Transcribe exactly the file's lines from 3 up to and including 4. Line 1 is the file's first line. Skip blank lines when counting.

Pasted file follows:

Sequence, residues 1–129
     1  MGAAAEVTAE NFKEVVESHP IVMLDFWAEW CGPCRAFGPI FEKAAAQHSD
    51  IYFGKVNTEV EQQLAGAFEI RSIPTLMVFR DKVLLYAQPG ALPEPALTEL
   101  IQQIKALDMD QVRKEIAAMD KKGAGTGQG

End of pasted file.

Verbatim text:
    51  IYFGKVNTEV EQQLAGAFEI RSIPTLMVFR DKVLLYAQPG ALPEPALTEL
   101  IQQIKALDMD QVRKEIAAMD KKGAGTGQG